We're two-and-a-half years into what may be the U.S. stock market's worst three-year period in history, and yet the brunt of the slide has happened on the Nasdaq. The declines in the Dow Jones Industrial Average and the S&P 500 have only lately begun to resemble the Nasdaq's tumble.

          7/10/02   Since 3/10/00
Nasdaq     1,346        -68%
S&P 500      920        -34%
Dow 30     8,813        -11%

       Since March 1, 2002
Nasdaq      -25%
S&P 500     -19%
Dow 30      -15%

We just experienced four wretched months in which the Dow's performance was worse than it has been since early 2000. (Early this year, the Dow actually rose above March 2000 prices, making a 15% decline this year, and an 11% decline since March 2000, possible.) So are revered blue chip stocks starting to look inexpensive? Today we consider our five holdings and 10 other blue chips.

In case you've forgotten, in the past people would sometimes describe public companies in positive terms. Blue chip means -- or meant -- that a company had made it. It was established, successful, trusted, and respected. Merck (NYSE: MRK) was a blue chip. Maybe it will be again someday.

Luckily -- or actually I won't credit five years of sincere work as merely luck -- the companies that we own are still respected and can be considered blue chips. They've typically outperformed the market indexes and their peers. They are Johnson & Johnson (NYSE: JNJ), PepsiCo (NYSE: PEP), Mellon Financial (NYSE: MEL), Intel (Nasdaq: INTC), and Paychex (Nasdaq: PAYX).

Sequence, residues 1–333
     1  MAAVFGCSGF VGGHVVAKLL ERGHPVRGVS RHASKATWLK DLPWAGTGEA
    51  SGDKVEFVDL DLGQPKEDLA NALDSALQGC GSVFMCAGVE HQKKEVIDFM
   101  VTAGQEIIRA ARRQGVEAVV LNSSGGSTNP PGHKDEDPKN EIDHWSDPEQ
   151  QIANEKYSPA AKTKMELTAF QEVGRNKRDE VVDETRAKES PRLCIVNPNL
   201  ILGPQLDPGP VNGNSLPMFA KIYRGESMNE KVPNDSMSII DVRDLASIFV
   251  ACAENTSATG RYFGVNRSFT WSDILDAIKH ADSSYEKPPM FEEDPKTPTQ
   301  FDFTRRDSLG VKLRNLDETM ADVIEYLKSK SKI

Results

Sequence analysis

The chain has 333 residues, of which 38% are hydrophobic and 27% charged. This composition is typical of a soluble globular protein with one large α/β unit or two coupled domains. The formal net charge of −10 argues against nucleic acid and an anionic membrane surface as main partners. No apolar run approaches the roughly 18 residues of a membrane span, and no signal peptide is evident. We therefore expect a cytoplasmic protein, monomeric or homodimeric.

After sizable declines, how are these stocks valued? Consider prices based on earnings from the last 12 months:

Ticker  Price   P/E   P/FCF*   Yield
JNJ      $50    26     20      1.63%
PEP      $44    29     27      1.34%
MEL      $28    29     NA      1.69%
INTC     $17    64     81      0.45%
PAYX     $27    38     38      1.59%

*based on 2001 Free Cash Flow

Damn it all to hell. (I just realized that I've always wanted to write that.) None appears inexpensive yet.

Being shareholders, we might be glad that our stocks have kept rich valuations. However, as net buyers of stock over the next 15 years, we'd rather see and pay lower prices. J&J's price-to-free cash flow is the most promising of the lot, and yet its ratio could still contract considerably.

Meanwhile, dividend yields on stocks remain near record lows. This fact is most meaningful with companies such as Pepsi and J&J, because they've continued to strongly increase dividends every year, and yet we're still receiving low yields. This implies pricey valuations compared to historical yields.

Now look ahead at estimates for the year ended December 31:

Ticker  '02 EPS Est.   Change   Est. P/E  
JNJ        $2.23         16%      22.4
PEP        $1.95         13%      22.5
MEL        $1.90         21%      14.3
INTC       $0.59         15%      28.8
PAYX       $0.79         16%      35.4     

What do you think?

It's worth noting that in the three weeks since we last looked at earnings projections for our companies, consensus estimates have declined for three of them: Mellon, Paychex, and Intel. Some analysts believe that current estimates are too optimistic in this climate for investment managers such as Mellon. Paychex recently reported results slightly below expectations, and Intel's consensus estimates have dropped a penny.